To determine which loan is the best for you, think about whether you would prefer the consistency of a fixed loan or the flexibility and potential benefits of a variable loan. Then determine which features will be necessary throughout the life of your loan. Thirdly, consider how much you are willing to pay in fees for the loan you want. Once you find the perfect combination of these three elements you are on your way to determining the best loan for you. 

How can I get a home loan with bad credit?

If you want to get a home loan with bad credit, you need to convince a lender that your problems are behind you and that you will, indeed, be able to repay a mortgage.

One step you might want to take is to visit a mortgage broker who specialises in bad credit home loans (also known as ‘non-conforming home loans’ or ‘sub-prime home loans’). An experienced broker will know which lenders to approach, and how to plead your case with each of them.

Two points to bear in mind are:

  • Many home loan lenders don’t provide bad credit mortgages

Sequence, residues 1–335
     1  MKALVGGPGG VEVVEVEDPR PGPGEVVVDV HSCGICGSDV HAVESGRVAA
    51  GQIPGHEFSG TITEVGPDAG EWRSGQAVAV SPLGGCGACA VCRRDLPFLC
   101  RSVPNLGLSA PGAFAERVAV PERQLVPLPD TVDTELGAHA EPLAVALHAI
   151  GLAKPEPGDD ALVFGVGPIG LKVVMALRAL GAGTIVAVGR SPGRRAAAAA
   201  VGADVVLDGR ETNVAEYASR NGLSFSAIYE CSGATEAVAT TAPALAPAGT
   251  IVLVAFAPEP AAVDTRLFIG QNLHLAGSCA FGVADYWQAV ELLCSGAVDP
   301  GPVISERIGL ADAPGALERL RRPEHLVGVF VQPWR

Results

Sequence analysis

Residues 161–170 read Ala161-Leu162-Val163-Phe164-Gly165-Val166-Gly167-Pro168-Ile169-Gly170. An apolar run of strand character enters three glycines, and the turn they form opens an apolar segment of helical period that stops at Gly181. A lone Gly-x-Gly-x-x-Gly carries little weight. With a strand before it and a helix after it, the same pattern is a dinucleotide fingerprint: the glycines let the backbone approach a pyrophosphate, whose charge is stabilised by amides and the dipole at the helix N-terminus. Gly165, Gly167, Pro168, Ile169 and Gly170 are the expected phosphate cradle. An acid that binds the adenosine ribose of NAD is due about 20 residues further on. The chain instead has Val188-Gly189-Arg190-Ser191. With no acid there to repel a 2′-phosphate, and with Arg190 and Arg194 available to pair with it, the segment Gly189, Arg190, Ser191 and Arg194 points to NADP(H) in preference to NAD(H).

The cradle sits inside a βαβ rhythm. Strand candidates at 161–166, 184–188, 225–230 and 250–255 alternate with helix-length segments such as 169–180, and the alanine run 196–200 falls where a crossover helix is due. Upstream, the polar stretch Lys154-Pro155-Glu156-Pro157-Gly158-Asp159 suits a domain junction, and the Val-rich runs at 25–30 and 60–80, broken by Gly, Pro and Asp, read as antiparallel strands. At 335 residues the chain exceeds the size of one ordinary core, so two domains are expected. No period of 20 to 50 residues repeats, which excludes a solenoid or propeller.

• Each lender has its own policies, and therefore favours different things

If you’d prefer to directly approach the lender yourself, you’re more likely to find success with smaller non-bank lenders that specialise in bad credit home loans (as opposed to bigger banks that prefer ‘vanilla’ mortgages). That’s because these smaller lenders are more likely to treat you as a unique individual rather than judge you according to a one-size-fits-all policy.

Lenders try to minimise their risk, so if you want to get a home loan with bad credit, you need to do everything you can to convince lenders that you’re safer than your credit history might suggest. If possible, provide paperwork that shows:

  • You have a secure job
  • You have a steady income
  • You’ve been reducing your debts
  • You’ve been increasing your savings

Monthly Repayment

Your current monthly home loan repayment. To accurately calculate how much you could save, an accurate payment figure is required. If you are not certain, check your bank statement.

Savings over

Select a number of years to see how much money you can save with different home loans over time.

e.g. To see how much you could save in two years by switching mortgages,  set the slider to 2.

How can I get ANZ home loan pre-approval?

Shopping for a new home is an exciting experience and getting a pre-approval on the loan may give you the peace of mind that you are looking at properties within your budget.